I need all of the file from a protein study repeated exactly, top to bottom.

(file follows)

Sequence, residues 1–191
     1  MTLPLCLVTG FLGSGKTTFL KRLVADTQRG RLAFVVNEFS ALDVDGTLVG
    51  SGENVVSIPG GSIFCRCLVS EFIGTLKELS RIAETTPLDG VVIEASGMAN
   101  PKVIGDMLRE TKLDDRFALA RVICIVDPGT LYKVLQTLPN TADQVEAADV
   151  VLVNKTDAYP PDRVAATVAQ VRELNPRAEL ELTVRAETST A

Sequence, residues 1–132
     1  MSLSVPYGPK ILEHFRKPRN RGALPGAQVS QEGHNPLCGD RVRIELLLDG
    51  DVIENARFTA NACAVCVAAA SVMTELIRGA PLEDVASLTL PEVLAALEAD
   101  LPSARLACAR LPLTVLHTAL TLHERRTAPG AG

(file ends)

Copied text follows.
Sequence, residues 1–191
     1  MTLPLCLVTG FLGSGKTTFL KRLVADTQRG RLAFVVNEFS ALDVDGTLVG
    51  SGENVVSIPG GSIFCRCLVS EFIGTLKELS RIAETTPLDG VVIEASGMAN
   101  PKVIGDMLRE TKLDDRFALA RVICIVDPGT LYKVLQTLPN TADQVEAADV
   151  VLVNKTDAYP PDRVAATVAQ VRELNPRAEL ELTVRAETST A

Sequence, residues 1–132
     1  MSLSVPYGPK ILEHFRKPRN RGALPGAQVS QEGHNPLCGD RVRIELLLDG
    51  DVIENARFTA NACAVCVAAA SVMTELIRGA PLEDVASLTL PEVLAALEAD
   101  LPSARLACAR LPLTVLHTAL TLHERRTAPG AG